Brain Food #753
What do you desire?
Thoughts of the day
One of the main messages behind yesterday’s post was that we should not rely on old models and ways of thinking that belong to the past — not just a past situation or environment, but also a past self. Research claims that our personalities do, in fact, change over time (and, thankfully, they get ‘better’, what psychologists call the maturity principle).
If this is true, then our wants can serve as useful north stars and provide a sense of direction but, like maps, they should be revisited from time to time. We are undergoing a constant process of self-renewal, but any narrative, especially that of life itself, requires some sense of continuity.
And so, we need to have frequent interactions with our past selves, made possible through records held in diaries, notes, resolutions, or any other fragments we left behind. If we look closely enough, we will discover we are all storytellers, in our own ways.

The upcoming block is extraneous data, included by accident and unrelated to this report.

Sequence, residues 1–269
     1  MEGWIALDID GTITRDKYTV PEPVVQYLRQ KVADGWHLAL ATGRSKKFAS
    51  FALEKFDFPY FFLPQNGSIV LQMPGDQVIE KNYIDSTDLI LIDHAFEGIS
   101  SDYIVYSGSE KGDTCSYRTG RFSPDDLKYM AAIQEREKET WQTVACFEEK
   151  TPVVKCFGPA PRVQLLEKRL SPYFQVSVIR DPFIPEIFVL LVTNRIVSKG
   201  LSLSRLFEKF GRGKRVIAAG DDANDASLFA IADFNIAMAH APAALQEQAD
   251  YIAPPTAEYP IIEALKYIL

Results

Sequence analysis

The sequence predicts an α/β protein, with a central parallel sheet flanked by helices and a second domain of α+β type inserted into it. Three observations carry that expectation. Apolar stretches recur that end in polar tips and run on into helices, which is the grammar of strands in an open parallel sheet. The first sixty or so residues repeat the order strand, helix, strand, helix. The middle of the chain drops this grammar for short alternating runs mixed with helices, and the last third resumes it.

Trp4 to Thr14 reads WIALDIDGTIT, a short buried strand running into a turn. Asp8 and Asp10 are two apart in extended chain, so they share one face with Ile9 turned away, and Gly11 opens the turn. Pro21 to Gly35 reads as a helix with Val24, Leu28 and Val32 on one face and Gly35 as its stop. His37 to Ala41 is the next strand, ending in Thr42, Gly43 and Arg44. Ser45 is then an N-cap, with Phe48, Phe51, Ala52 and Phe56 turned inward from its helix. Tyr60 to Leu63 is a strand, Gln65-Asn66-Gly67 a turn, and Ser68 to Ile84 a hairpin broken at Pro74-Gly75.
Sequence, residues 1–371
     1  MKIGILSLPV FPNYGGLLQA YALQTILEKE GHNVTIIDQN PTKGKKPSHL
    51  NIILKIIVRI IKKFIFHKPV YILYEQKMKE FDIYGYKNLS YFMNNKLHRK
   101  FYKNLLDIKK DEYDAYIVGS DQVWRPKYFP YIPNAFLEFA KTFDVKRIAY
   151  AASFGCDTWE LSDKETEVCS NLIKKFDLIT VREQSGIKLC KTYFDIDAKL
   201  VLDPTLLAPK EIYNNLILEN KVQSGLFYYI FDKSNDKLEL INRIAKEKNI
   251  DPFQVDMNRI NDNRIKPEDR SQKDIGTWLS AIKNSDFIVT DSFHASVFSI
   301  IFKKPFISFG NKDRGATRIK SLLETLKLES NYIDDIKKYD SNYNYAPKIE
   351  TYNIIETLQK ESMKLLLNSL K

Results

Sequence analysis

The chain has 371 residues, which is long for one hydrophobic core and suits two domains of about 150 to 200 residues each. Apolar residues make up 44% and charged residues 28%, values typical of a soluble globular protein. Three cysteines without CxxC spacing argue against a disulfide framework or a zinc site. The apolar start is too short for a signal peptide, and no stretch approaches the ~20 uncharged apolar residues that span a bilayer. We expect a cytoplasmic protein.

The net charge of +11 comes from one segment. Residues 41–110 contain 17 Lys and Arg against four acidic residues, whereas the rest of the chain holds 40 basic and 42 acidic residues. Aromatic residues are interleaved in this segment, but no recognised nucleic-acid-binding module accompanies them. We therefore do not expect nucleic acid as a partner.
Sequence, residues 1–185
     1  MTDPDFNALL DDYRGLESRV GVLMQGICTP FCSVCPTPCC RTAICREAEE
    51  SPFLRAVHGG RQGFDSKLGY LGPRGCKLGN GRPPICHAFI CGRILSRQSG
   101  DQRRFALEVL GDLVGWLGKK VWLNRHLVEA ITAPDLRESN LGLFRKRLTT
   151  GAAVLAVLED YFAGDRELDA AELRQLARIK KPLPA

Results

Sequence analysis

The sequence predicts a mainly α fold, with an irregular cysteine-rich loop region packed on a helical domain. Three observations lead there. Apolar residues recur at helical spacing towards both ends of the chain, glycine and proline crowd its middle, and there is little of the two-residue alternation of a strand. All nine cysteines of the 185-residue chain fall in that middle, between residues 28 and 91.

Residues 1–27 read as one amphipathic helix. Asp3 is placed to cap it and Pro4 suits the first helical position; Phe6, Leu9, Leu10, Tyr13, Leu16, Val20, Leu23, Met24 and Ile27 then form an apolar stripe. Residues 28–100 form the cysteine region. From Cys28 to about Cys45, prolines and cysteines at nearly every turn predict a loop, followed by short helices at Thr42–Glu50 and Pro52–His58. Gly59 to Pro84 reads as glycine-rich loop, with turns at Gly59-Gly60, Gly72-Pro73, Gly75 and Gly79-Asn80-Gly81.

I start my end-of-week retrospective with a seemingly simple question: “What do you want?” or, as Alan Watts asked, ‘What do you desire?’
Reading through past answers can help you understand if what you wanted yesterday is still what you want today. And if the answer is no, it is perfectly acceptable to let some wants go.
“The trouble with setting goals it that you’re constantly working toward what you used to want.”
— Sarah Manguso
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